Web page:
The Cathedral doors were large and robust, and bound with iron, which is why they only opened on Sundays when the people were coming to file in, and closed when there were three or four people to help Brother Fratarelli with it. That meant normally, when a door had to be opened, it was opened with slowness, and the sound of it was a mighty creak that shook the walls of the church.

Brother Fratarelli had never heard the sound from the small room by the building, because he was always one of the hands opening the doors. It sounded like someone had taken a gunshot and spread it out long and slow, like jam on bread.

Kivis was standing and looking at the door. “That’s not right,” she said, picking up that same small wooden bowl and heading to the small door that led to the main hall. “Brother?”


“Stay here.”

Staying was a flexible word, and Brother Fratarelli leant up against the door, peering through the keyhole with his heart in his throat.

There were seven men ranging in age from perhaps twenty to maybe forty years at the oldest, wearing dockers’ clothes. One was holding a boat-hook over his shoulders, and they were all wearing suspenders like they were some sort of uniform. “Excuse us, mate,” said one, as Kivis stepped into the light of the room. “Just here to pick up the priest. He’s got some business, down by the river.”

There were no pews set up in the main hall. They were all pushed to the walls, stacked up and over one another, which meant the main hall was just one large, empty space with a stone-tiled floor and a rug on it. “You’ve not been here before,” Kivis said, that twofold voice echoing off the walls.

“No, this ain’t one of your typical shakedowns,” said the man with a boathook, grinning broadly. “Boss’ got a few words for the guy – don’t worry your head ‘bout it.” He said, sweeping the hook around to rest it on the ground like a spear. “You’re not about to give us some trouble, is ya?”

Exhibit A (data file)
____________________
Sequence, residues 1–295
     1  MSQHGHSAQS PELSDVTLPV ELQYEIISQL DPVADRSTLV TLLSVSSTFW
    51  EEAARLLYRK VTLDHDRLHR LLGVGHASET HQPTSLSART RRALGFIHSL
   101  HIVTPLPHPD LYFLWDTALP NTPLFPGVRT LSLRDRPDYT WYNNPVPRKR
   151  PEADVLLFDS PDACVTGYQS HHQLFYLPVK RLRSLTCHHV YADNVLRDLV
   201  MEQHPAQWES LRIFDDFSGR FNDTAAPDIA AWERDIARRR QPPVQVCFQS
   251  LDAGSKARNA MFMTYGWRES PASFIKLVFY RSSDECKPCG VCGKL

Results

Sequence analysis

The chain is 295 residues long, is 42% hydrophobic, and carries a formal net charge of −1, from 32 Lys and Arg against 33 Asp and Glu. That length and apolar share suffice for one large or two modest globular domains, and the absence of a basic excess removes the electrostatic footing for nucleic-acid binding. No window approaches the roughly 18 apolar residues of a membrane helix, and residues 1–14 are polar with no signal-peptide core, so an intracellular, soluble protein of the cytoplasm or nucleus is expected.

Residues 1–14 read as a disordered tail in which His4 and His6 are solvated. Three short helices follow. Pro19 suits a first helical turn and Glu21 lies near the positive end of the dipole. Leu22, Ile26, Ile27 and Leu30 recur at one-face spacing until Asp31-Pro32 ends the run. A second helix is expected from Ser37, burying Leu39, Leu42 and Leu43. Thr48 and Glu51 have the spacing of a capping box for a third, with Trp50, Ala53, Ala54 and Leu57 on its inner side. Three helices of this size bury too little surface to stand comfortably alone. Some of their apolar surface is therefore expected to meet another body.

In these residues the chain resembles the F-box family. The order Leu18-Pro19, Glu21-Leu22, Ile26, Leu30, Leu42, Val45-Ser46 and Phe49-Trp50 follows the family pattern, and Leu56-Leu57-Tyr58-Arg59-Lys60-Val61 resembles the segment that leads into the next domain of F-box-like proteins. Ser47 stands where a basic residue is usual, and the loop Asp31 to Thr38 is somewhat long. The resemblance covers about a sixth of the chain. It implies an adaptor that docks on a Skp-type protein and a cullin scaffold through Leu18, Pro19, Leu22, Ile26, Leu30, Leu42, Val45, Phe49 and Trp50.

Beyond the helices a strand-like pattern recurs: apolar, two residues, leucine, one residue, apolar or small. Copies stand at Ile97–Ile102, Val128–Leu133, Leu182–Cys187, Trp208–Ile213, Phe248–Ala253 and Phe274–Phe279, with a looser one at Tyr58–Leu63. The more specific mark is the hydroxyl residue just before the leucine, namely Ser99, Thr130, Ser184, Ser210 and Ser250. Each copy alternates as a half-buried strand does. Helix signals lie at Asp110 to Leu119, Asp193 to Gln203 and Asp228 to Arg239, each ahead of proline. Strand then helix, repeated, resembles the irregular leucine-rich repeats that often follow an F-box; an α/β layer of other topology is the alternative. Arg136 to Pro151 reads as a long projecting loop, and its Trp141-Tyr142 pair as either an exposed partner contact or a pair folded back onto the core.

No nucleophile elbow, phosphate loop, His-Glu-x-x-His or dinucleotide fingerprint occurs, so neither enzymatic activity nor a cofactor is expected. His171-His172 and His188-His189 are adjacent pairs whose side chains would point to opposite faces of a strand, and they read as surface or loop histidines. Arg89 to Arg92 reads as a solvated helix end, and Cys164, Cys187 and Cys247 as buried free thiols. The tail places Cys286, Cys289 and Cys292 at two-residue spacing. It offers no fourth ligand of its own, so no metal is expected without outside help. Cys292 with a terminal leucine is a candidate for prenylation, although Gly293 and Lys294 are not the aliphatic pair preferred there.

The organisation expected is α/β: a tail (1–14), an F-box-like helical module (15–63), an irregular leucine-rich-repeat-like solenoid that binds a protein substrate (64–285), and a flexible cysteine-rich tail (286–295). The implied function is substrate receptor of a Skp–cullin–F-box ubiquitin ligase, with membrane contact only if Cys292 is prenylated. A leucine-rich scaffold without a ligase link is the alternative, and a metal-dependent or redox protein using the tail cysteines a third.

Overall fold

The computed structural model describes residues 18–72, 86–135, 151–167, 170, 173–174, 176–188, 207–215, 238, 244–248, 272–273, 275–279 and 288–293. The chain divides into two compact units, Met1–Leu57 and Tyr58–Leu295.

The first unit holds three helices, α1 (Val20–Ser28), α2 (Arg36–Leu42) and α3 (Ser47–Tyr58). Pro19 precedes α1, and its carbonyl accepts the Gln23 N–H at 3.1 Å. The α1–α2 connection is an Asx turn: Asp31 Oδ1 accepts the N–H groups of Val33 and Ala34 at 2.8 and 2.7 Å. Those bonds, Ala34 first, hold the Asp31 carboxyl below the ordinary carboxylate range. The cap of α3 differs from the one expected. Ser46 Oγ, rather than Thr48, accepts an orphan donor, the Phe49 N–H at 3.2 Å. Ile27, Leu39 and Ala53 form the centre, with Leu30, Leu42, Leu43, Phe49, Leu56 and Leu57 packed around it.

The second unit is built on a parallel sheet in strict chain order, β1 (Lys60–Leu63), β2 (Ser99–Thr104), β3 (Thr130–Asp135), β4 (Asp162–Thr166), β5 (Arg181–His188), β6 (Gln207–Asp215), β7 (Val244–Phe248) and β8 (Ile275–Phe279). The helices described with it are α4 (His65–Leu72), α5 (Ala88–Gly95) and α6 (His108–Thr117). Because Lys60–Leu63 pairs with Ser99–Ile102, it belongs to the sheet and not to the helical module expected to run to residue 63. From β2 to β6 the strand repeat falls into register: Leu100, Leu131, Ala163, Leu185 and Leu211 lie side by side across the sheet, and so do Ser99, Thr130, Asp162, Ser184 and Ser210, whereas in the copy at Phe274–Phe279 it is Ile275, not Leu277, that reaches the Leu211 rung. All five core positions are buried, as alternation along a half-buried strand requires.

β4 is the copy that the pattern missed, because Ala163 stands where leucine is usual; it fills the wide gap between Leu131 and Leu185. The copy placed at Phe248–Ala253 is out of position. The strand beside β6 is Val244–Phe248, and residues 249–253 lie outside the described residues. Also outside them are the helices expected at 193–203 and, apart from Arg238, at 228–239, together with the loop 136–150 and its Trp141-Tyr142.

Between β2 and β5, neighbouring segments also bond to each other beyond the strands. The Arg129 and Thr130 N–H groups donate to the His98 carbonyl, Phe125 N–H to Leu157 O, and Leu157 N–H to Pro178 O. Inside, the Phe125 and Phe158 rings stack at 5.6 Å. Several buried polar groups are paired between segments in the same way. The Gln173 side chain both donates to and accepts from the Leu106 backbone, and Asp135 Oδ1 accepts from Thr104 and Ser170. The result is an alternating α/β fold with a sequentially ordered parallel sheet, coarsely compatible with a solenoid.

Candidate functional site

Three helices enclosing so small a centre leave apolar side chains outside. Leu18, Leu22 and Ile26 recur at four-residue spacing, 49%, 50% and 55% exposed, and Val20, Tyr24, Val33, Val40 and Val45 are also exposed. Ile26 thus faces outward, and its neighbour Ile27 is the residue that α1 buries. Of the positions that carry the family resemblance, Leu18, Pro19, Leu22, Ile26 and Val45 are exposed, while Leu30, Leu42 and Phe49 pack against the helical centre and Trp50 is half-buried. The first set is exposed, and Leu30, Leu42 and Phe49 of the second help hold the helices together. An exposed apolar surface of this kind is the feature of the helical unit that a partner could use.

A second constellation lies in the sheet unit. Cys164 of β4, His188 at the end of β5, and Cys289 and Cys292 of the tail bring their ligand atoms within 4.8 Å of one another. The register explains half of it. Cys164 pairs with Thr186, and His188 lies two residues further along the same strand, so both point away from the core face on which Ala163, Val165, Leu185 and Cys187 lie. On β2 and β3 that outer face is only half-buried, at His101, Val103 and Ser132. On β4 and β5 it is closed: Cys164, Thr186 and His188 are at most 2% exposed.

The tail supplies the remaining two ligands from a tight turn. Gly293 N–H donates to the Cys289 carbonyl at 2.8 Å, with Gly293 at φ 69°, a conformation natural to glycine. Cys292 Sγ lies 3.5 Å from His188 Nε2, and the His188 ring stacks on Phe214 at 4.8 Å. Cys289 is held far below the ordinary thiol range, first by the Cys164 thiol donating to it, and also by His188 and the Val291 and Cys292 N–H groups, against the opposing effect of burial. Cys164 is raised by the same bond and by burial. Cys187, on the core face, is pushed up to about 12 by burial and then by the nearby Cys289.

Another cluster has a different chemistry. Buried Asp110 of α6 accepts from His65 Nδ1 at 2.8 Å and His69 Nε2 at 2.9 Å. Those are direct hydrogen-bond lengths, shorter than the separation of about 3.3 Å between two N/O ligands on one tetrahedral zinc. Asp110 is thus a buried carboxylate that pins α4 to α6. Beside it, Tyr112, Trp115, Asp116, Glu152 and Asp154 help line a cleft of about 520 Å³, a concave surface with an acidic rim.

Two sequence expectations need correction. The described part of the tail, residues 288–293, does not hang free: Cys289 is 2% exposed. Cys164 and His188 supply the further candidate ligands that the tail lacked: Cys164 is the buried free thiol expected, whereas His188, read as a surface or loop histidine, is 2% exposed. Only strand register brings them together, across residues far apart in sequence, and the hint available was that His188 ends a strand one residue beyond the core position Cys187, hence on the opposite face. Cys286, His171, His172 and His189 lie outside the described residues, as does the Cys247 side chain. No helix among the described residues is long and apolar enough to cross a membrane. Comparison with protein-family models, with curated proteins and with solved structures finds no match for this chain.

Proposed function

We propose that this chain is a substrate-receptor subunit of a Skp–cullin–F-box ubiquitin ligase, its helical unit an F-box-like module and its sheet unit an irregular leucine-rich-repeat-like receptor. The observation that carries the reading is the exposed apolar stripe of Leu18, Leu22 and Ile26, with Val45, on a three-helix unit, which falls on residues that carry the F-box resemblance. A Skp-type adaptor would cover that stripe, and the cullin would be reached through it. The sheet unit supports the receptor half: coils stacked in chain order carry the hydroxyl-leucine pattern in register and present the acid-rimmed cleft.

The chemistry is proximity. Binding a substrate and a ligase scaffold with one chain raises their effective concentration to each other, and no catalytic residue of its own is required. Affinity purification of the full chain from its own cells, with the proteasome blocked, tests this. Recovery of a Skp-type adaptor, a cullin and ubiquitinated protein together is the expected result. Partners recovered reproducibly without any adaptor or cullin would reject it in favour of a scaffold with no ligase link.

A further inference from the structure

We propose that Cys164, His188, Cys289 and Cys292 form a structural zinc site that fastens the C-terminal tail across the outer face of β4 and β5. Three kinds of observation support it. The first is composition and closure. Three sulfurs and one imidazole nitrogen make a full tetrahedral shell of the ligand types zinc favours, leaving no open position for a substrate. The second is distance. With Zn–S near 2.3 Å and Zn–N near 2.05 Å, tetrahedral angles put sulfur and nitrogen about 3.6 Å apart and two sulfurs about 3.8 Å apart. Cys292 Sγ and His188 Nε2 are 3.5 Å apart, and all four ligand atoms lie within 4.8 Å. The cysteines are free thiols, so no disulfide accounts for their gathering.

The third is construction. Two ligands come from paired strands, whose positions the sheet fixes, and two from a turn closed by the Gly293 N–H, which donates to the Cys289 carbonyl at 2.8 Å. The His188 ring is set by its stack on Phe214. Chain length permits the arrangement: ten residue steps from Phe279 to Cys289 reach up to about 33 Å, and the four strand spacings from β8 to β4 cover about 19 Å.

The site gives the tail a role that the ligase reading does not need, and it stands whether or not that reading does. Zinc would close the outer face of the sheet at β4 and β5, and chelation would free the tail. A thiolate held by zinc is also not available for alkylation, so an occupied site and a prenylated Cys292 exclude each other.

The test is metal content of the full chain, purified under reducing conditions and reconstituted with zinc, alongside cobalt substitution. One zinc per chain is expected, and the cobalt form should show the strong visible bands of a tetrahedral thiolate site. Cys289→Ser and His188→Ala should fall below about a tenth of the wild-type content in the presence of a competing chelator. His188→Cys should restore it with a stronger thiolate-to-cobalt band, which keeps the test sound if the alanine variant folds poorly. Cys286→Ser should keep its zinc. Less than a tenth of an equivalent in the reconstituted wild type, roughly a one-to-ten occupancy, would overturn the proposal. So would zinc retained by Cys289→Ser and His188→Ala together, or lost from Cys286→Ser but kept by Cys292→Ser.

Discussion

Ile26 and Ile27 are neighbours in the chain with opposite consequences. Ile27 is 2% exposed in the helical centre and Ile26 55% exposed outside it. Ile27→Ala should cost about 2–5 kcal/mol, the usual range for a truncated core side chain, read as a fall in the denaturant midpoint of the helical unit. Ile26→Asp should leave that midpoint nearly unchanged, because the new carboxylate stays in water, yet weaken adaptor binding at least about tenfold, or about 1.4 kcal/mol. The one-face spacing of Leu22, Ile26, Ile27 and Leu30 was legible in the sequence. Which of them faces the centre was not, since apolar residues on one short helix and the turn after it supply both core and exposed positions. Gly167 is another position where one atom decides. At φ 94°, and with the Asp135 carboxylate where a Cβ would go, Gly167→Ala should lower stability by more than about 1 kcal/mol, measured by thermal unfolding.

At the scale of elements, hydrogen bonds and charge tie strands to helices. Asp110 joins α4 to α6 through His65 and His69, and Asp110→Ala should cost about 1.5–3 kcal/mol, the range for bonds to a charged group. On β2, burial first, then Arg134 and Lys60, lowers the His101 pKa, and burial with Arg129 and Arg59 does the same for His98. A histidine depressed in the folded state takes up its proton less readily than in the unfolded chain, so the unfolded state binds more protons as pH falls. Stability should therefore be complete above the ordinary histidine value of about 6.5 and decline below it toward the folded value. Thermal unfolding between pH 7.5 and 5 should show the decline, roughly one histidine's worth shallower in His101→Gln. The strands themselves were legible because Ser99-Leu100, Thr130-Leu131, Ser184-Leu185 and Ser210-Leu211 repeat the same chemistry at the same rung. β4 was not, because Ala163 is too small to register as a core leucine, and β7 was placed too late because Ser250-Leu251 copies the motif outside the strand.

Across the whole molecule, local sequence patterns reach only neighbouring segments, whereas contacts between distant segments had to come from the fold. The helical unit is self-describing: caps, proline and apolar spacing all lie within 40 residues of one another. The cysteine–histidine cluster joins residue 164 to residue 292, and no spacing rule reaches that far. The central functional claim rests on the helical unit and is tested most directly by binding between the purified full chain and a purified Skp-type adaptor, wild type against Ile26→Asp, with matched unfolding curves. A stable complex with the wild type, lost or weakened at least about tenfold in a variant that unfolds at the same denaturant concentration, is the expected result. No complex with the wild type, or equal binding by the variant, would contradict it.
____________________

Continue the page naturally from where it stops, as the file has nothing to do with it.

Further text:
Kivis tilted her head one way, then the other, rolling her neck under her armour. Both fists up, clenched, she punched one into the other, testing her shoulders, the weight of her arms. “It’s not wise to try anything in this church,” she said.

“Yeah, God works wonders for the poor,” said the leader, bringing the hook up. “Never been one for faith.”

The bowl whizzed past his face by cims, and he lunged backwards to avoid the impact of it on his nose. In that tiny fraction of compressed time, he felt enormously clever, and made to turn his head back to Kivis, with a short, sharp quip on his lips, ready to launch. It maybe travelled to the edge of his lip before the words hit Kivis’ massive metal fist crashing into him.

The boathook hit the ground, but he didn’t let go of it, which she felt was quite convenient of him; she stamped on the midsection, snapping it, and swept up the half he still held to smack him in the face with the splintered end. Fist around his throat, she swung the man – easily a hundred keegs if he was any weight at all – around like a rag-doll and threw him like a child’s toy into the arms of the youngest of the group, who collapsed at the blow.

Then the rest of the crowd managed to blink.

Well?” the knight asked, standing, her arms spread.

Five men considered just how badly they wanted to fight a woman in full armour holding a metal hook, and began a nervous shuffle back and out of the building. When she was sure they were gone, she walked to the doors, and, straining the weight under her steel, pulled the doors closed again. The two forms lay in quite a bit of pain, but not unconscious – because Kivis knew what it took to make someone unconscious, and she hadn’t bothered to do any of it.

The younger man had a look of dazed embarrassment on his face underneath the older man. The way the tide of things had been shifted so easily had surprised him, and then he’d laid there reconsidering just how devoted he was to the cause of getting the shit kicked out of me. Good. Boys like that lasted longer. Hunkering down on her knees, Kivis hooked the boathook into the shirt of the older of the two, and flipped him over without directly biting into his flesh.

All the thug saw, looming over him, was the owl-like visage of the church’s knight, holding his weapon in her hands, and light shining behind her head.

“Works of god be damned,” Kivis’ words echoed around the man’s head. “This place is guarded by me.”